The Teamsters claim they can stop the outsourcing of aircraft maintenance. But, where were the Teamsters when United held the big party to celebrate its 100th aircraft to undergo a heavy maintenance check at the Ameco maintenance repair hanger in Beijing, China?
This celebration took place in May 2011, well over a year ago. How many more heavy checks has the Teamsters allowed outsourced since then?
The Teamsters held a press conference in Tulsa on February 16. During this event, their representatives were asked whether the IBT had permitted “C” Checks and other heavy overhaul functions to be outsourced in its contract with United Airlines. The Teamsters denied they had done so which was not an accurate statement. In order to correct the record on this matter, we will review the history of the foreign outsourcing provisions in the United Mechanic and Related Agreement.
In 2003, after United declared bankruptcy and facing the threat of abrogation of its contract, the IAM agreed to ease the restrictions on outsourcing in its Mechanic and Related Agreement with United. The concessional contract allowed unrestricted outsourcing of heavy maintenance visits while retaining a 20 percent cap on outsourcing of all remaining maintenance work as measured by the sum of the Maintenance Operations Division’s gross annual budget, excluding the cost of heavy maintenance visits.
The IAM also retained its existing prohibition against outsourcing of regularly scheduled heavy maintenance overseas. Shortly after reaching this agreement, the IAM was decertified as the representative of mechanic and related at United and replaced by the Aircraft Mechanics Fraternal Association, which had strongly criticized the IAM’s concessions on outsourcing.
In 2005 United negotiated a second round of concessions for its mechanics, this time with AMFA. In addition to major wage and benefit concessions, AMFA also agreed to continue to allow outsourcing of heavy maintenance visits “without restriction” except that the three C check lines of work “currently performed by Company employees in house at the San Francisco Maintenance Center will not be outsourced.” However, AMFA also agreed to lift the IAM’s restriction against performance of regularly scheduled heavy maintenance in non U.S. locations and allowed the Company’s 777 and 747 fleets to be outsourced to foreign repair facilities.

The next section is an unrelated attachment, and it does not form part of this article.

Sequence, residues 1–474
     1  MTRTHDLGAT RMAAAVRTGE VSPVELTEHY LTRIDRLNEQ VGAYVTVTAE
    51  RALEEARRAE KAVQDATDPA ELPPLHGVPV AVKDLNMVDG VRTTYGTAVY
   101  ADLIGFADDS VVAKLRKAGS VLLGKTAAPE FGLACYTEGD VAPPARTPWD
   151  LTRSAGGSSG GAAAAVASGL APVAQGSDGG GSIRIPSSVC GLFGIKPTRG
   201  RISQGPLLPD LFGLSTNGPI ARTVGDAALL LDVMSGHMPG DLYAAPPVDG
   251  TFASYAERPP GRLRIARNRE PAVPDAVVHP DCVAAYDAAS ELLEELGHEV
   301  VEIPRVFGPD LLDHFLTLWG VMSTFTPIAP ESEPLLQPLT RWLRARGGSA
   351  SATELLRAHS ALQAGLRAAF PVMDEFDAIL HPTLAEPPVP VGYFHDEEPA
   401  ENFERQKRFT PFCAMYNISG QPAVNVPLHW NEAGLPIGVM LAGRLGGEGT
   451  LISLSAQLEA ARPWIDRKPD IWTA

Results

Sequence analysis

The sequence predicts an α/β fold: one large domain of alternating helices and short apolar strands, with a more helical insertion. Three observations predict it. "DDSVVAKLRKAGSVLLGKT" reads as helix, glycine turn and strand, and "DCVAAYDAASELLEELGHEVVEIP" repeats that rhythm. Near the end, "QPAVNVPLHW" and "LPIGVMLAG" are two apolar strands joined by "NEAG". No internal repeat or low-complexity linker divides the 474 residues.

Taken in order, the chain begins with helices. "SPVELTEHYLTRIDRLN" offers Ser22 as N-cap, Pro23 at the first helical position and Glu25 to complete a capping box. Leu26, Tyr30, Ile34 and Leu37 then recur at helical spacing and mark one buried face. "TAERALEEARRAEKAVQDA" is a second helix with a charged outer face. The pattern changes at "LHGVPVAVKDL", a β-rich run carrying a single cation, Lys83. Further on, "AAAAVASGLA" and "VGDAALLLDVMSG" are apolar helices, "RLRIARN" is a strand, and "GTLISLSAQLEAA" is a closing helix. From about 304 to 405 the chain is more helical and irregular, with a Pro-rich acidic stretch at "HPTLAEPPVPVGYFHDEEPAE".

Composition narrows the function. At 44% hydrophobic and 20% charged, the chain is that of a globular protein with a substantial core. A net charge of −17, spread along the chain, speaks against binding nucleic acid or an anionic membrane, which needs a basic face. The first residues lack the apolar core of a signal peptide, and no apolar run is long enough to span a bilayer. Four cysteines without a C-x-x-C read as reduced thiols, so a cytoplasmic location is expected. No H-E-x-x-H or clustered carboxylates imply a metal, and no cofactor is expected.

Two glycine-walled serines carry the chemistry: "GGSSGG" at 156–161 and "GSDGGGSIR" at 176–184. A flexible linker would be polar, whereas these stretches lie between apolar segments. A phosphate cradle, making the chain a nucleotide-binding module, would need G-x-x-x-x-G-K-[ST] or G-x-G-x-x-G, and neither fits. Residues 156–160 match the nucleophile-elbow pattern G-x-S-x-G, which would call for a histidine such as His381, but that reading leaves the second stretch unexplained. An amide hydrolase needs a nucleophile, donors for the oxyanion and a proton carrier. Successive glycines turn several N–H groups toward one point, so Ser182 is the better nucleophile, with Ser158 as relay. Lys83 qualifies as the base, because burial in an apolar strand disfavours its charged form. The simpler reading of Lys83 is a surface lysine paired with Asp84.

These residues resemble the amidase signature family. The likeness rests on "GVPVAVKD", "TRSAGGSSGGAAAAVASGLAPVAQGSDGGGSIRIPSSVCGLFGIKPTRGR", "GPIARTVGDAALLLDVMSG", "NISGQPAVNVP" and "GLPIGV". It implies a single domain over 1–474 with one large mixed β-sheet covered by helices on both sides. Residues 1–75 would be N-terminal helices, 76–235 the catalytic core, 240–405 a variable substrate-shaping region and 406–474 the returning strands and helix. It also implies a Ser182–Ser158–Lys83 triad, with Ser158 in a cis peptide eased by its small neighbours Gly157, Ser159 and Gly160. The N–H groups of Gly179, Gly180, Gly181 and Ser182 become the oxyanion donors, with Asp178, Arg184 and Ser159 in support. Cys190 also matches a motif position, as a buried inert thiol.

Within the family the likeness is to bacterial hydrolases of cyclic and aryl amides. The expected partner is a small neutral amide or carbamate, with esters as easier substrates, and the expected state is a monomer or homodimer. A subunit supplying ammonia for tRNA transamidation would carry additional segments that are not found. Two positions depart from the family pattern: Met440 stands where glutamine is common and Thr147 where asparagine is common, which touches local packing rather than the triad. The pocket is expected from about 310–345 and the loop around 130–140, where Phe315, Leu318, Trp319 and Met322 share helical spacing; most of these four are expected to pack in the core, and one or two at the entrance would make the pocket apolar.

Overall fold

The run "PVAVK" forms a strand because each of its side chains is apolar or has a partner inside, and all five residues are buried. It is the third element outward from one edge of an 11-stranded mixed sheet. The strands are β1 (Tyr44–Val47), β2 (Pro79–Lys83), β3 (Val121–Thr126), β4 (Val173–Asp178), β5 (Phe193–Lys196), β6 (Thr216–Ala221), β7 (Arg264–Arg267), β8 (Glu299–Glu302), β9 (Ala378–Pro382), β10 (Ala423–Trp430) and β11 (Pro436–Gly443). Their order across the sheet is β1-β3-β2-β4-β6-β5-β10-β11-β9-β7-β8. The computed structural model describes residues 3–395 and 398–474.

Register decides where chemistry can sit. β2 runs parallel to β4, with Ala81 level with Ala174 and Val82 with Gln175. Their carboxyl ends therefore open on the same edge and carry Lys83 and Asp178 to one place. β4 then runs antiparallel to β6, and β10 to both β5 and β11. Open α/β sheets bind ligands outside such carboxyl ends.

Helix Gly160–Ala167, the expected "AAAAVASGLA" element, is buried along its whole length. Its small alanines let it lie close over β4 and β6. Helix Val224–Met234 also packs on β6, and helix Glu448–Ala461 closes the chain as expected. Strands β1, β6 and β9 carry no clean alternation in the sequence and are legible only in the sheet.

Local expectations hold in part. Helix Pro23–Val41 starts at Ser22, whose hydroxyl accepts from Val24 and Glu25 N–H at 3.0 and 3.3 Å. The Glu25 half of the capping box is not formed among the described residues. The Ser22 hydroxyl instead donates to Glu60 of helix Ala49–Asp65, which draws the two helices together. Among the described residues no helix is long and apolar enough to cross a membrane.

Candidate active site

Despite the severity of these concessions, AMFA stated that its members had no choice but to accept them. “It’s a sad situation that we have to bear the brunt of mismanagement,” said O.V. Delle Femine, the AMFA’s National Director. “We had to accept it or let the judge do it. This was the lesser of two evils.”
In 2008 AMFA was decertified at United and replaced by the Teamsters. In 2011 the Teamsters, after the Company had been out of bankruptcy for several years, negotiated a new agreement. The Teamsters agreed to allow the Company to continue to have the unrestricted right to outsource heavy maintenance visits. However, the Teamsters also agreed not only to continue to allow the 777 and 747 fleets to be maintained at non U.S. locations, but expanded that authorization to include “current and future aircraft operating exclusively “ on routes outside the U.S.
When American Airlines filed for relief from its Mechanic and Related contract with the TWU it made a major issue of the fact that it operated under far more restrictions with respect to outsourcing, particularly outsourcing of heavy maintenance, than its competitors. The Company exploited this point for all it’s worth in front of the court and in bargaining and, in the end secured relief on this issue. Our bankruptcy agreement permits outsourcing of heavy checks, including to foreign facilities, but even in bankruptcy allows for far less outsourcing than any of AA’s competitors. We have two organizations that are campaigning in Tulsa to replace the TWU and are arguing that they can deal with outsourcing and the threat of overseas maintenance more effectively than we can. The simple fact is that every mechanic contract either of these organizations have ever signed, in or out of bankruptcy, permits far more outsourcing than we permit, even operating under a bankruptcy contract. If you want to fight outsourcing you need to stick with the TWU.